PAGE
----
Police say girls disappeared from roadside stand in Oswegatchie, NY., 190 km south of Ottawa
Aug 14, 2014
Searchers scoured a patch of far northern New York on Thursday for two Amish girls who were apparently abducted from their family’s roadside farm stand, a hunt hampered by the lack of photos of the girls for authorities to circulate among a frightened community.
The sisters, 7-year-old Delila Miller and 12-year-old Fannie Miller, vanished around 7:30 p.m. Wednesday after a white car pulled up to the farm stand near Oswegatchie, a community of about 4,000 people that’s 190 kilometres south of Ottawa and 240 kilometres northwest of the capital, Albany.
Both were wearing dark blue dresses with blue aprons and black bonnets.
The poster for the missing girls indicates Fannie Miller is cross-eyed, while Delila Miller has a round scar on her forehead and she is missing her front teeth. Both girls have brown hair and brown eyes.
Because the Amish tend to shun modern technology, police have no photographs of the girls.
He also noted that English isn’t the girls’ first language and that anyone who talks with them may notice a Pennsylvania Dutch dialect.
The vehicle has been described as a small, white, four-door sedan.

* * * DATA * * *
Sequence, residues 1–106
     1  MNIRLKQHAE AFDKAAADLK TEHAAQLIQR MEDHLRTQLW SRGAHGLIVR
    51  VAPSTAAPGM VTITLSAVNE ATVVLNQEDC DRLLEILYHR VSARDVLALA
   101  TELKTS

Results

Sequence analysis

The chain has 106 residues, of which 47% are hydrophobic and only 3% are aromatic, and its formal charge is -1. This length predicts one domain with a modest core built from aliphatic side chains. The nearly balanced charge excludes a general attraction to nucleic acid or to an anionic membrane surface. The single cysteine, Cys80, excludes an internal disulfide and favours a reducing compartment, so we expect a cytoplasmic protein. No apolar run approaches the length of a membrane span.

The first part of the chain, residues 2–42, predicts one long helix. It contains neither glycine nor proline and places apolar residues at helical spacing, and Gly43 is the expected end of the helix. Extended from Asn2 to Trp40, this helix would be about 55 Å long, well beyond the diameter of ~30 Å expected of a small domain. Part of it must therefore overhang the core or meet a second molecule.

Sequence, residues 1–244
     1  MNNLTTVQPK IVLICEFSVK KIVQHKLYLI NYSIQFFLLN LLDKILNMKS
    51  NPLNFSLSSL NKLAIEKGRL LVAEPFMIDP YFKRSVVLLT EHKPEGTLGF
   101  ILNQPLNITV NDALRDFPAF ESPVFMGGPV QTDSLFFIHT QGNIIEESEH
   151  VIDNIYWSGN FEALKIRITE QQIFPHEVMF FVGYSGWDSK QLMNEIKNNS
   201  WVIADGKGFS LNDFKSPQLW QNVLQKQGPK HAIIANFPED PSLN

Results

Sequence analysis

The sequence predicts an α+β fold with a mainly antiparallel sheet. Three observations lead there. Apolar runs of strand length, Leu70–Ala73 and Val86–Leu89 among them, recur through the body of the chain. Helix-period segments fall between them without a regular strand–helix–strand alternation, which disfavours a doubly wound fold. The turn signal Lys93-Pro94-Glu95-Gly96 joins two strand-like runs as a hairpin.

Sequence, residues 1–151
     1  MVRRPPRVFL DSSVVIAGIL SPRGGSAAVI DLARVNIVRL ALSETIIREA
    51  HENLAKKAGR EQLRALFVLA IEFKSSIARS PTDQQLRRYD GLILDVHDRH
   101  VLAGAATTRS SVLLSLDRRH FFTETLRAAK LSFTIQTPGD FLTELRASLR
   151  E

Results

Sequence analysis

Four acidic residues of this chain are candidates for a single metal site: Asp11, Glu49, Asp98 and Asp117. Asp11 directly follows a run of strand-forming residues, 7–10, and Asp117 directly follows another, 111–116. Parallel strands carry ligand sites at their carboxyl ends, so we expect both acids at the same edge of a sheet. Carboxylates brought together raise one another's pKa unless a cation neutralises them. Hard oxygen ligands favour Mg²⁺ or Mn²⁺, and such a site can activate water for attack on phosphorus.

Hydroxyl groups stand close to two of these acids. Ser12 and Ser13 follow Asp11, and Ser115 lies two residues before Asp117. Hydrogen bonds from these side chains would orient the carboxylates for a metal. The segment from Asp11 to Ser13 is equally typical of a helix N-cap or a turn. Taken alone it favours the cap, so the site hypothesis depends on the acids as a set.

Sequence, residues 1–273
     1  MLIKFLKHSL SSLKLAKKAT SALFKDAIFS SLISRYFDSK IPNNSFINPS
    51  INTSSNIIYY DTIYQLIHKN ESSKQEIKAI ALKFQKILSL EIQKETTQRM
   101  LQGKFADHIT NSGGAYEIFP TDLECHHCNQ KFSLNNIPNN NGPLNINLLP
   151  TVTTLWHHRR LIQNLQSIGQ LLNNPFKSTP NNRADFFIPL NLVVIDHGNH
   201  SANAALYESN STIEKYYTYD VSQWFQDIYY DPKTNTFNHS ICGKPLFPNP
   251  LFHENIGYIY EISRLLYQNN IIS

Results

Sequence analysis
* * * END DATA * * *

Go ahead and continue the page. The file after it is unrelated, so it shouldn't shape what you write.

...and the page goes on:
Girls could be in Canada
Divers plumbed the nearby St. Lawrence River to rule out the possibility the girls were in the water, Wells said at an afternoon news briefing.
Helicopters and search teams on foot tried to make sure they weren’t near the family home, and investigators were talking with nearby registered sex offenders.
“We will aggressively pursue this case as a worst-case scenario,” Wells said. Authorities are pursuing “numerous leads,” he said.
Ottawa police and Ontario Provincial Police said they have received the Amber Alert. An OPP spokesman said the girls could have been kidnapped and taken into Canada.
The girls are among the youngest of Mose and Barb Miller’s 13 children, who range in age from one to 21 years, neighbour Dot Simmons said.
The girls routinely took on the chore of selling the fruits, vegetables, jams and other products of the farm, Simmons said. On Wednesday, the entire family had gone to the barn as usual for evening milking.
But, Simmons said, “The girls were always on watch if someone stopped to buy vegetables.”
When the family noticed the girls hadn’t returned, they quickly checked the cornfield, she said, knowing it was unlikely they would have wandered off. That’s when police were notified, and an Amber Alert was sent out.